It is sometimes difficult to discover if an applicant is the right person for the job by looking at their resume. Obviously, this document shows the person in the best possible way and there may even be some small “puffing” or exaggerations listed on it. Here are items you need to look for:
- Name: Make sure that the person uses their full name including a middle initial. This is helpful when doing web research including social media especially if the applicant has a very common name.
- Objective: Is it specific enough and does it include the job they are applying for? Objectives like “to contribute to a growing company in anyway” is not the work of a focused person.
- Most recent experience: Many unemployed people start their own company when they are out of a job for a long period of time. Ask if they are the owner of that company even if it does not list them as CEO.
- Titles: Applicants have a tendency to inflate their titles to “coordinator” or “manager”. Did the Customer Service Manager really manage anyone? Was a Senior Customer Service Specialist more experienced than others on their team?
- Accomplishments: Are they really qualified for this job? Watch for words like "led", "directed", and "created". Were they just “on the team” that did this or did they really lead the effort? For example, if the person lists that they created a social media customer service strategy, maybe they just played around on Twitter and Facebook. Watch when they quote percentages in this area. Exceeding a goal by 100% may mean something or it may just be window dressing.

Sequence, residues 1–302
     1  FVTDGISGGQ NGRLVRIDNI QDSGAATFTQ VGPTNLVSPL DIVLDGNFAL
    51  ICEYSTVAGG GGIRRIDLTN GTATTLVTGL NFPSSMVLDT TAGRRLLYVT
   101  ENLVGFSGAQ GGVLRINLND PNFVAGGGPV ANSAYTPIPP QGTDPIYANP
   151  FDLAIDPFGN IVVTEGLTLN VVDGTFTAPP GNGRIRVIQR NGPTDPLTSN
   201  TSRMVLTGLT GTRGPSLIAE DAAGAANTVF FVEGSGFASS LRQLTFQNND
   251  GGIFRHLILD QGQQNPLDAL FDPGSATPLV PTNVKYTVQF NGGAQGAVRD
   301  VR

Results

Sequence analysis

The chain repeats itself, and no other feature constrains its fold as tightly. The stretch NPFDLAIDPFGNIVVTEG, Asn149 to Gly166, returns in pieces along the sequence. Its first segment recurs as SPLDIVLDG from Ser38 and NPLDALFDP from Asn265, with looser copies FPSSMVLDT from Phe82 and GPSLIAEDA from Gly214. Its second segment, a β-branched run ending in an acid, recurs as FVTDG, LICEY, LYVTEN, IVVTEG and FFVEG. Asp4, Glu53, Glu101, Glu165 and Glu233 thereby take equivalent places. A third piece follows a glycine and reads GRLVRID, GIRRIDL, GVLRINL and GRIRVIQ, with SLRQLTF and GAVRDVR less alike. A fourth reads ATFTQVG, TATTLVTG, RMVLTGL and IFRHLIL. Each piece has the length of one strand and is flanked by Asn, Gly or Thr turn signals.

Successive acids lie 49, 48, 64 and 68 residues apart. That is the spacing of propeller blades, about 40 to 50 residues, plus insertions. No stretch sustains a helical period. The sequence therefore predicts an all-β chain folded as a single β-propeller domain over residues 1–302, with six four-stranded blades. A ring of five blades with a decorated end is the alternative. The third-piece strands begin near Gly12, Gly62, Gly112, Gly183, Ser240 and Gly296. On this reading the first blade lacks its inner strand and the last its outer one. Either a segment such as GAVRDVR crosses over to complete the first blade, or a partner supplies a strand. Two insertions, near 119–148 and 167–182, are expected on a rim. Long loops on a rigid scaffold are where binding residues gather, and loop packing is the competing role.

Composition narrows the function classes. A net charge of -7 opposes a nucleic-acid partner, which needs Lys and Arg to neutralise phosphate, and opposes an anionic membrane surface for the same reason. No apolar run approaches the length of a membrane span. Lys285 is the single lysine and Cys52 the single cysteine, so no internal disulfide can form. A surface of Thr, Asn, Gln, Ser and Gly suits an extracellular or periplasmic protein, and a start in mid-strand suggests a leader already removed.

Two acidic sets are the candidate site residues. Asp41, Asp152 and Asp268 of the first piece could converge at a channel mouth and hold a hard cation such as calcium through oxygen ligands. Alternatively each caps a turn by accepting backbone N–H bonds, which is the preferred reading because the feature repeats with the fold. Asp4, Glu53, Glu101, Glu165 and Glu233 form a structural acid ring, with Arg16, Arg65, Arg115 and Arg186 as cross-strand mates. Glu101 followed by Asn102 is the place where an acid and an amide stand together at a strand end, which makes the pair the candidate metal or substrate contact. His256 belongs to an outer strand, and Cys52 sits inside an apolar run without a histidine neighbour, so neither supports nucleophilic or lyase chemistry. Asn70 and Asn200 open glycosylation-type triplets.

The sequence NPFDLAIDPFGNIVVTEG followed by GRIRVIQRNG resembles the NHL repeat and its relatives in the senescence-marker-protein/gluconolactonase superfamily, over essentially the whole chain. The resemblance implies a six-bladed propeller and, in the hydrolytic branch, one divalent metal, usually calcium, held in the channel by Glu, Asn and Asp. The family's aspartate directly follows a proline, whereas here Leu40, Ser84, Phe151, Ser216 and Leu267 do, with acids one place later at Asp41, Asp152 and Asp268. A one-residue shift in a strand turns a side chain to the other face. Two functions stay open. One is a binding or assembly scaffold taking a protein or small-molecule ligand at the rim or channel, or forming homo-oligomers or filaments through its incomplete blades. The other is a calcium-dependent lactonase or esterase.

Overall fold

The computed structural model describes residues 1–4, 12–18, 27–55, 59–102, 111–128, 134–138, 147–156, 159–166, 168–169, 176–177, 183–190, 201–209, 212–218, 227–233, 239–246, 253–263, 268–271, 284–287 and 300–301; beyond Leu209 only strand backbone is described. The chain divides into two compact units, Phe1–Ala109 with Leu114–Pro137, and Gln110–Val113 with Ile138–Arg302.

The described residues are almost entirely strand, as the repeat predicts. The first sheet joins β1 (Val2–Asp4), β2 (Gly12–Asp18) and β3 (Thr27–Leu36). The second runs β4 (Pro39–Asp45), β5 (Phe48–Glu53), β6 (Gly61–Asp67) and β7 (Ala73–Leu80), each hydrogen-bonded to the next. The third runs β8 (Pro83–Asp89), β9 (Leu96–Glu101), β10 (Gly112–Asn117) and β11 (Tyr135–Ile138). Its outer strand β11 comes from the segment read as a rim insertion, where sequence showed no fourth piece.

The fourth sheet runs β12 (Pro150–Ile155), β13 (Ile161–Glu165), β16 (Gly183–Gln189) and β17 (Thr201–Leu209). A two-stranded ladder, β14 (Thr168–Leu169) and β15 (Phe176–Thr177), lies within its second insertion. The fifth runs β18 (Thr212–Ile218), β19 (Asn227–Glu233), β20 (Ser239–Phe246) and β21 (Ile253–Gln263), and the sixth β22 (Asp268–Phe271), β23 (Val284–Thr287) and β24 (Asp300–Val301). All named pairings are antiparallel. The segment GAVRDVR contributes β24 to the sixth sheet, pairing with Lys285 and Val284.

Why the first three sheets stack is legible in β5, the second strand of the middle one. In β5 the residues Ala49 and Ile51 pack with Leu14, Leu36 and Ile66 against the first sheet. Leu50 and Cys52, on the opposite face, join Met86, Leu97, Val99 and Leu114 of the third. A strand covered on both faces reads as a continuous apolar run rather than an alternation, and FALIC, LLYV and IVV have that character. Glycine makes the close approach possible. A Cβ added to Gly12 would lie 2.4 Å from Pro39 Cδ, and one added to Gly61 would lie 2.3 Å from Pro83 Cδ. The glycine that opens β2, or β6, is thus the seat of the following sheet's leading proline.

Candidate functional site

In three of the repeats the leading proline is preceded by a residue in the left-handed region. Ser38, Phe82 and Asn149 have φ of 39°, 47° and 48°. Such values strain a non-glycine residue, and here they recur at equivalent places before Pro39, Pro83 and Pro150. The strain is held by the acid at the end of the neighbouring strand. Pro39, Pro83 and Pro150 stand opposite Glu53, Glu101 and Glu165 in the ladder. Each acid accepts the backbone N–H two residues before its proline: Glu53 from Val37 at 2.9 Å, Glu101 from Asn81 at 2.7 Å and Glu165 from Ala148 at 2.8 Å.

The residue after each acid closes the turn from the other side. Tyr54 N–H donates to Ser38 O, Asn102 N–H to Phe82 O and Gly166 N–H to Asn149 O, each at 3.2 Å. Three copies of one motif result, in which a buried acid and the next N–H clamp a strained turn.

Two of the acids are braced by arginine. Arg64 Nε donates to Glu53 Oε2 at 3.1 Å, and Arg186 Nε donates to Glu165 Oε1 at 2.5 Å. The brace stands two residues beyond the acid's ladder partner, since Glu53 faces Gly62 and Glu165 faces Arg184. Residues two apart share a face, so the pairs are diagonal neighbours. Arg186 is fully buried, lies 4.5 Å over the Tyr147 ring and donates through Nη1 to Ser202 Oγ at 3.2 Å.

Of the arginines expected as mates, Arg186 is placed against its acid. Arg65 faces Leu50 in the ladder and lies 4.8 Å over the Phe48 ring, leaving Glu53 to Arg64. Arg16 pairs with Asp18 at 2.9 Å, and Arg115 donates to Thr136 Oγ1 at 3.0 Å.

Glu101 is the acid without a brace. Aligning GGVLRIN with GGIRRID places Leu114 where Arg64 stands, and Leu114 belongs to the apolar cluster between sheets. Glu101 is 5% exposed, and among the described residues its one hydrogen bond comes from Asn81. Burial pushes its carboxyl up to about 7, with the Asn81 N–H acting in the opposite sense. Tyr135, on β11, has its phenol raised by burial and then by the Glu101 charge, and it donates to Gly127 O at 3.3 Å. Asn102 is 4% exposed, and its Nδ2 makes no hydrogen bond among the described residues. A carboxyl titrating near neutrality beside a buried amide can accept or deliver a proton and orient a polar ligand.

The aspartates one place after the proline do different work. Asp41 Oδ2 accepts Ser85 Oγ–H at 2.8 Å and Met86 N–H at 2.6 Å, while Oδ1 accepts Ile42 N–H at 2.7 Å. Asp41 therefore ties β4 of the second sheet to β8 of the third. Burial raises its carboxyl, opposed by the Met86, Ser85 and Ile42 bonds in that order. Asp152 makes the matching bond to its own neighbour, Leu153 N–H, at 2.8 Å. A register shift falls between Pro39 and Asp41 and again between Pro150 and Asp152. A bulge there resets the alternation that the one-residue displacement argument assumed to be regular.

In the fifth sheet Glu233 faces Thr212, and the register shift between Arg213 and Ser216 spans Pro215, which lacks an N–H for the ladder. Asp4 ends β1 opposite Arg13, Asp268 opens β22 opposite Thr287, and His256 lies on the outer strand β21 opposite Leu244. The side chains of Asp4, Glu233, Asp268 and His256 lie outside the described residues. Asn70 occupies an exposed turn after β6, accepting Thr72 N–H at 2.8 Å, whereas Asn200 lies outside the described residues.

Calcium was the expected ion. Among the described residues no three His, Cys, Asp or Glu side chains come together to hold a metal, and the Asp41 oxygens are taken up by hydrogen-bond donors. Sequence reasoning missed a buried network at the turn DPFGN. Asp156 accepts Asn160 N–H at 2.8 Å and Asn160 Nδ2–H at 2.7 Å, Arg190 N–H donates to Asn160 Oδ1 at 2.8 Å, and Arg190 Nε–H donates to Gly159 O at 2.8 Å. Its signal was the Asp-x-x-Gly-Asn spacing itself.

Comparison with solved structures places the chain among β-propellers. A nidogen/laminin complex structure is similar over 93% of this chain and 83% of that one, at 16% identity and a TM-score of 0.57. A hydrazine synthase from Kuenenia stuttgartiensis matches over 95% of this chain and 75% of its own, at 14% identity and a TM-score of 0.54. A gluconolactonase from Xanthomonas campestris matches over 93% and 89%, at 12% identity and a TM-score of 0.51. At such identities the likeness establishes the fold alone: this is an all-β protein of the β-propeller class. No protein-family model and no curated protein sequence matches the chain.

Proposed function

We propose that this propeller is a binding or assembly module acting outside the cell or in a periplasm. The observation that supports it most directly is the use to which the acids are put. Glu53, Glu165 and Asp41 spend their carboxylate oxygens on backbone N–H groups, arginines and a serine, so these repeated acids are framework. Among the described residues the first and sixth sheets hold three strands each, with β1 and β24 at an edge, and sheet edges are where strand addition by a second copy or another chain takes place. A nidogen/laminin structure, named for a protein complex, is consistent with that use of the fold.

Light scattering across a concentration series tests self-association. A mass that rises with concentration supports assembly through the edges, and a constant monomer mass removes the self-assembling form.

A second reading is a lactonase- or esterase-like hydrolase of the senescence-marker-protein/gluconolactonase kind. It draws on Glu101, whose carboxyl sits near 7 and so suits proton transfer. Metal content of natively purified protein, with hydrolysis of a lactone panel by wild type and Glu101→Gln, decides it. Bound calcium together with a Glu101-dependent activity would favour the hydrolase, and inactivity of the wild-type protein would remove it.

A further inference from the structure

- Time gaps: Are there gaps in their resume for period of times where they did not work? Many times applicants leave out jobs on their resume where they were fired or it ended in an ugly way.
- Education: Did they graduate with a degree or just take course work? If a school is listed with no degree, they did not graduate. Similarly, is the degree relevant to the job they are applying for?
- Skills: Many skills listed include anything they can name or their training was so long ago, it is no longer relevant. During the interview process, test for specific customer service skills needed to be successful in this specific job.
- References available upon request. Get these references at the first interview and ensure they are from past managers not peers.
What do you look for when reviewing customer service resumes?